If you dread the moment your yoga teacher guides you into a deep squatting pose, and cast sideway glances at yogis on nearby mats who appear to be loving it, you are not a bad yogi. You are not destined for a yoga-less existence, nor should you be shamed to practicing yoga in the dark and unattended corners of the studio. Your hips are simply shaped differently – they are as unique as you are.
The truth is everyone’s squat will look a little different due to anatomical variations of the hip joint. Some of these variations are skeletal, and no amount of yoga practice or hip opening can change the shape of this bony architecture, at least not significantly. Other variations occur in the soft tissues around the joint. These variations can be addressed in hip opening yoga poses. With consistent and safe practice, your squat may change shape as your soft tissues change. Let’s explore the hip and what makes everyone’s Malasana (Garland Pose) look a little different.
Hips, meet Malasana. Malasana, meet Hips.
The hip is a highly mobile ball-and-socket joint that connects the axial skeleton with the lower extremity. The ball is the femoral head at the upper end of the thighbone and the socket is the cup-like acetabulum of the pelvis. Functionally, this joint must be able to support the body’s weight along with any other forces acting on the body. A cartilage seal along with strong muscles and tough ligaments hold the joint together and prevent dislocation.
To set up for Malasana from a standing position, many yoga teachers will instruct students to separate their feet so that they are wider than hip-width apart and to outwardly rotate the legs so that toes point slightly out. Upon bending the knees deeply, the pelvis will sink toward the floor and the hips will be lower than the knees. While these instructions work for some bodies, they don’t work for everyone.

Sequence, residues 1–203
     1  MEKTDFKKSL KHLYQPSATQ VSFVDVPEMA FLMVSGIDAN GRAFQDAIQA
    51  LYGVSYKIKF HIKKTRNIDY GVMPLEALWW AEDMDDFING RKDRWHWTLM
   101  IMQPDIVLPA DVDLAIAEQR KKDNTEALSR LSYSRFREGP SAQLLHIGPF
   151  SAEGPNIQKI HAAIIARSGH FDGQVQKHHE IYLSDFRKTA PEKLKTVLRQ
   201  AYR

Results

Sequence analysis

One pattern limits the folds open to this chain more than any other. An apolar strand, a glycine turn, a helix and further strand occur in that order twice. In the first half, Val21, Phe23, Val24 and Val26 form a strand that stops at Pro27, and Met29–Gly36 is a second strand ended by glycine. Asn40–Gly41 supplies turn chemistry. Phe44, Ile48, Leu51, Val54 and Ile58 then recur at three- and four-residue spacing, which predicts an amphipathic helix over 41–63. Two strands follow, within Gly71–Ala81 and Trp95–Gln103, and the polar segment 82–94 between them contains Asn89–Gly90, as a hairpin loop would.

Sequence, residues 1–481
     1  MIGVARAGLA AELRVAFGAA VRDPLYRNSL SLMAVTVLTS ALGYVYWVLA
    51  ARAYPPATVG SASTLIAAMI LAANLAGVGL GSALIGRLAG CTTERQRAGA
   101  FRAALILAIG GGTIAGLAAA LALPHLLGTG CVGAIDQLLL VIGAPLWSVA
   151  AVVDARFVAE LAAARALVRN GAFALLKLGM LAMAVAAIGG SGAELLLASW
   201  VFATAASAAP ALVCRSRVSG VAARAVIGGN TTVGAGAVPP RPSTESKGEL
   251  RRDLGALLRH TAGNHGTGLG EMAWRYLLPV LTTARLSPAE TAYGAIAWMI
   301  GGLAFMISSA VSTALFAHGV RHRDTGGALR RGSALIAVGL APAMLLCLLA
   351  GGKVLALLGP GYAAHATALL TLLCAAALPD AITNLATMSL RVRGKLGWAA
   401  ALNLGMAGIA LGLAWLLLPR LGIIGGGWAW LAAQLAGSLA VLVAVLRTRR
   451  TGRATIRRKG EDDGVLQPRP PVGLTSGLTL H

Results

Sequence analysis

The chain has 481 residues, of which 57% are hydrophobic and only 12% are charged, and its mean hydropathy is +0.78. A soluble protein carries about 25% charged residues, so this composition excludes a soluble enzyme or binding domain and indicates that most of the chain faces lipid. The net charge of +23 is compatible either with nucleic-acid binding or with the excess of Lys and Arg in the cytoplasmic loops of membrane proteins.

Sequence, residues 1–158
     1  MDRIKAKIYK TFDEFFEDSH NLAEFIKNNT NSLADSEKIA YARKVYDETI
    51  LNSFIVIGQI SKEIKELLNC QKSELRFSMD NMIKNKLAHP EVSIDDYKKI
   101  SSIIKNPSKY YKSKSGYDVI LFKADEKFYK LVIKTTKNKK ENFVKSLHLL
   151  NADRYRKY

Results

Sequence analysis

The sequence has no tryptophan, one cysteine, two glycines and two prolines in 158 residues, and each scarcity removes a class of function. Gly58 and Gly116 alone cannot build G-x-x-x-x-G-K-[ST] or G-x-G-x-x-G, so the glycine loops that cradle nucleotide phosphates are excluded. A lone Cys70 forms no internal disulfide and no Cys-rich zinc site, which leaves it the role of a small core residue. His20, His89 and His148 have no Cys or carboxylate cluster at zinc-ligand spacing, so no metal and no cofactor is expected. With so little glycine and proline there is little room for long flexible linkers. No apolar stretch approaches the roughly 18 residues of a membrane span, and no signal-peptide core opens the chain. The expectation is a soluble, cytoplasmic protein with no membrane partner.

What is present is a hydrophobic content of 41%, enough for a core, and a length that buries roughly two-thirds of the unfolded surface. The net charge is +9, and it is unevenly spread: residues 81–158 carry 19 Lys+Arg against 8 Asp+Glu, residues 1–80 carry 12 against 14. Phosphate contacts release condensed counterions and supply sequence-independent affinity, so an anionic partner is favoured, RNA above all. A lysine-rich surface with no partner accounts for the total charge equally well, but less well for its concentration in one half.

Some of the skeletal variations that affect squatting stance include: the facing of the acetabulum (more forward-facing or more outward-facing), the length of the femoral neck, the angle of the neck in relation to the femur, the depth of the acetabulum, the diameter of the femoral head fitting into the socket, and even the degree of torsion in the knee joints.
No Two Squats Are Alike
Let it be known: there is no one-size-fits-all squat. Some hips will call for a wider stance, while others will feel more comfortable in a narrow stance. Some hips will need more rotation in the legs, and others will require a more parallel position.
Next time you’re in yoga class, measure your success in Malasana by your experience of comfort in the pose, not by how similar or different you look than the teacher or students on neighboring mats. If you feel any pain in your hips or knees try adjusting the width or rotation of your stance until you feel comfortable. And don’t be shy about incorporating props into your pose. Perhaps a bolster under your hips or a blanket under your heels could make the pose feel more accessible.
Despite the fact that the size and shape of your bones change very little, with consistent practice, your squat may dramatically change shape over time. The soft tissue factors that affect your squatting stance, such as the tightness of the muscles and ligaments around the hip, are malleable. As your hip muscles are stretched, and as your ligaments are gently stressed to prevent contracture (shortening due to lack of movement), you may gradually experience new depths and availability in the pose.
One-part yogini, one-part choreographer, and one-part dance educator, Gina Sorensen has the supreme pleasure of talking about movement and the body all day long. She is a Registered Yoga Teacher and the founder of Yoga Natyam, an online resource for yoga classes, where classes are searchable by level, length, and focus. Gina also has a Master of Fine Arts degree in Dance from the University of Oregon and is the Co-Artistic Director of somebodies dance theater, a contemporary modern dance company based in San Diego and directed in collaboration with her husband, Kyle. She teaches in the dance programs at San Diego State University, San Diego City College, and Coronado School of the Arts. Connect on Facebook and Twitter!